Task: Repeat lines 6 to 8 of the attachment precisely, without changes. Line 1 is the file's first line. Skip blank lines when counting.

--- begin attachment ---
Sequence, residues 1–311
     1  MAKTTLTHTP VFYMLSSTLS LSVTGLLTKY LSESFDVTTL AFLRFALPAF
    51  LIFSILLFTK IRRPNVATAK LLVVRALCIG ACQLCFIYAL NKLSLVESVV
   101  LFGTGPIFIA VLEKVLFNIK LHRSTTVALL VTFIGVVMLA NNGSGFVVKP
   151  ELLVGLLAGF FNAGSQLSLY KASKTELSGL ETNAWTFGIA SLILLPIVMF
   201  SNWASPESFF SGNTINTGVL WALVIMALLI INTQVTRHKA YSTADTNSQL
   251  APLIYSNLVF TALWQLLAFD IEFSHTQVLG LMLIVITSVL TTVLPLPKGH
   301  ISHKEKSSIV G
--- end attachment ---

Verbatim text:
   201  SNWASPESFF SGNTINTGVL WALVIMALLI INTQVTRHKA YSTADTNSQL
   251  APLIYSNLVF TALWQLLAFD IEFSHTQVLG LMLIVITSVL TTVLPLPKGH
   301  ISHKEKSSIV G